Immunity to Spunk

At the risk of seeming like a one-trick pony, and piggybacking on my recent appearance on the Savage Lovecast, I thought I would close the loop on immune reactions to semen. I've already written about allergens being transmitted in semen, and about women having allergies to seminal plasma itself. In the latter case, I say women having allergies not only because the only examples I found were in women, but also because by definition men cannot have allergic reactions to semen. In response to a comment on that post I wrote:

If a man did get an immune response, it would probably be called "autoimmunity" rather than allergy. And the symptoms would likely be quite different - the cells that produced the protein in the prostate (alliteration not intended) would likely be destroyed without much outward symptoms, but the man might be infertile.

I wasn't far off the mark. Allergies aren't the only type of immunity gone wrong (they're just among the most annoying).

Antisperm antibodies and conception

Antisperm antibodies (ASA) may be found in both males and females and are reported in up to 9-12.8% of infertile couples. However, these antibodies are present also in approximately 1-2.5% of fertile men and in 1.4% of fertile women[...]

So what's going on here? As you might imagine, developing an immune reaction to sperm might be a bit of a downer in terms of reproductive fitness. If men make antibodies to their sperm, their swimmers are going to be destroyed or hobbled or made incapable of fertilizing any eggs. Similarly, if women make antibodies to sperm that make it into their reproductive tract, they'll flag all incoming semen as foreign and may destroy, hobble or block them before they reach the egg in the fallopian tube. But sperm are definitely antigenic - they can elicit an immune response (an illicit immune response?) - so how to prevent this? It turns out that males and females use very different strategies.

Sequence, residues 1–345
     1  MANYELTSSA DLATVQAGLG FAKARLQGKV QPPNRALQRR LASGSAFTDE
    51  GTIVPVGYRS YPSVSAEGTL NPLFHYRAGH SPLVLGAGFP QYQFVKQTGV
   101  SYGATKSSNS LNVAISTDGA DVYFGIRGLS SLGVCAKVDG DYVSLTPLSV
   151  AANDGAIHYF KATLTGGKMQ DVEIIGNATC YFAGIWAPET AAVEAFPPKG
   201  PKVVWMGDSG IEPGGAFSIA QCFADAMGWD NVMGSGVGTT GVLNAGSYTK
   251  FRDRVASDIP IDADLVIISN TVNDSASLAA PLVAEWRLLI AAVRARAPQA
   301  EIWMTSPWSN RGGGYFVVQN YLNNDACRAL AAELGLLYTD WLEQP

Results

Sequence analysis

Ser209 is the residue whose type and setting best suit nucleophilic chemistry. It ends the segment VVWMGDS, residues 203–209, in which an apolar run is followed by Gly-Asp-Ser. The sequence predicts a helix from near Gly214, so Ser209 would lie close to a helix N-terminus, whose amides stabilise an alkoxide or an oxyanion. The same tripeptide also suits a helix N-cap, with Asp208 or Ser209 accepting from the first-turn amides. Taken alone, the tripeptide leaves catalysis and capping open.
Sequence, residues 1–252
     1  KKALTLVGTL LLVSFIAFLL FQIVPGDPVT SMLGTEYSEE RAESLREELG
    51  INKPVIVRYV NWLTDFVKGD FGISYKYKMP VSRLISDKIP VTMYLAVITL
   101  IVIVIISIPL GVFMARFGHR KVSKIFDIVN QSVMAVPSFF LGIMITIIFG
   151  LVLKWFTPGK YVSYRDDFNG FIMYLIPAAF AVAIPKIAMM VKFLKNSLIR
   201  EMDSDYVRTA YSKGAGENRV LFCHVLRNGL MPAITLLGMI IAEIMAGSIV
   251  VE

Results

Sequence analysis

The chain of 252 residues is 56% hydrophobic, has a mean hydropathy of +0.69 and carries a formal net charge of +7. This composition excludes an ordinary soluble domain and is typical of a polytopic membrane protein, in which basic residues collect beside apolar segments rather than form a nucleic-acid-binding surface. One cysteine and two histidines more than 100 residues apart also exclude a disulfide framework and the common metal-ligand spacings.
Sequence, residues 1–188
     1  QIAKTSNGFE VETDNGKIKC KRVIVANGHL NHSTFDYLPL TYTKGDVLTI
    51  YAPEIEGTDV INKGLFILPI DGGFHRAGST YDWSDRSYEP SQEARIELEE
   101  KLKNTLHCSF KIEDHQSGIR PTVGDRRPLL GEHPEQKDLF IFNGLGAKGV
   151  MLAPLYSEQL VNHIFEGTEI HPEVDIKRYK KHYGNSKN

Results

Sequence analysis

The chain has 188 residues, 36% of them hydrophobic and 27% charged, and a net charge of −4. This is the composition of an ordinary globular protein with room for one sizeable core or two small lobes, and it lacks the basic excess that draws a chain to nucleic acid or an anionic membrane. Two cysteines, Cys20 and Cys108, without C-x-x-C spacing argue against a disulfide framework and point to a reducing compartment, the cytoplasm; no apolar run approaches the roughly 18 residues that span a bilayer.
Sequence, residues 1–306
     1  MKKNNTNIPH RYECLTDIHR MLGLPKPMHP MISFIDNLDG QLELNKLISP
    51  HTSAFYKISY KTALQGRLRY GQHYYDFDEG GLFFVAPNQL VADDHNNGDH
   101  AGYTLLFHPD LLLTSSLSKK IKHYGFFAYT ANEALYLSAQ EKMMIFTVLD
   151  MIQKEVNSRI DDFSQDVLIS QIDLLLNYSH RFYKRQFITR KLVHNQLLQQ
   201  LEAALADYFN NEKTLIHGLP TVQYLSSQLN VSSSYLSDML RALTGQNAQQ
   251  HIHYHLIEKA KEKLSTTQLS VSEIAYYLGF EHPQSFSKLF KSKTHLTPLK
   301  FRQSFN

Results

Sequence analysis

You might think that men could just use the same strategy we do for the rest of our tissues. After all, we have systems in place (that work most of the time) to prevent our immune system from attacking our kidneys and muscles, so why not the same for our testes? I haven't written much about this process, broadly called "self tolerance," but there are two complementary mechanisms. In "central tolerance," newly minted T-cells and B-cells are exposed to self tissues and all the potentially antigenic molecules they could eventually see. At this stage of development, however, if those cells are able to recognize anything, they are killed off instead of activated, thus eliminating a huge pool of potentially self reactive immune cells.

The system isn't perfect, however; many weakly self-reactive T-cells and B-cells manage to escape central tolerance. So "peripheral tolerance" picks up the slack. There are several different ways to do this, but all of them boil down to catching self-reactive cells once they're out in circulation, but before they can cause any real harm. So why not use the same strategy for sperm?

Well, unlike most self-derived proteins, the proteins present in semen are developmentally regulated. In other words, boys have 10-13 years to develop potentially ball-busting immune cells before the constituent parts are available to clear by central tolerance. Punch in the balls.jpg That's a level of slack that those peripheral mechanisms are ill-equipped to handle. Instead, we've evolved a blood-testis barrier - a tight knot of cells that prevents any immune cells or circulating antibodies from making their way into the sperm factories.

Women have a different problem. Sperm is always foreign, and vaginal intercourse is often accompanied by at least mild inflammation. In most circumstances, inflammation + foreign = robust immune response, so one might expect all sexually active women to have anti-sperm antibodies floating around. As the authors of this review put it:

how is it that despite repeated exposure to relatively large antigen loads during intercourse, most women do not produce [anti-sperm antibodies]?

How indeed? Shutting the female reproductive tract off from the immune system entirely the way men do it would be a serious mistake - any woman that's ever had a yeast infection knows that the vagina is a very inviting environment for pathogens - so what's the solution? It turns out we've developed a way to link immunosuppression with sex.

Semen doesn't just contain sperm. Among the accessory proteins present in semen are molecules called prostaglandins (originally discovered in prostate fluid, hence the name) and a cytokine called TGFβ. These molecules have known roles in tamping down immune responses and preventing hyper-inflammatory disorders, and it's presumed that, when present in ejaculate, may prevent the female partner's immune system from freaking out and seeing sperm as a threat.

I should point out that last hypothesis hasn't been definitively proven, and there may be other mechanisms that we're unaware of. The upshot of all of this knowledge is that we may be able to leverage anti-sperm antibodies as a contraceptive - one that wouldn't require altering hormones or daily pills (and it might get around those personhood amendments should they actually pass in any states). More on that in a future post.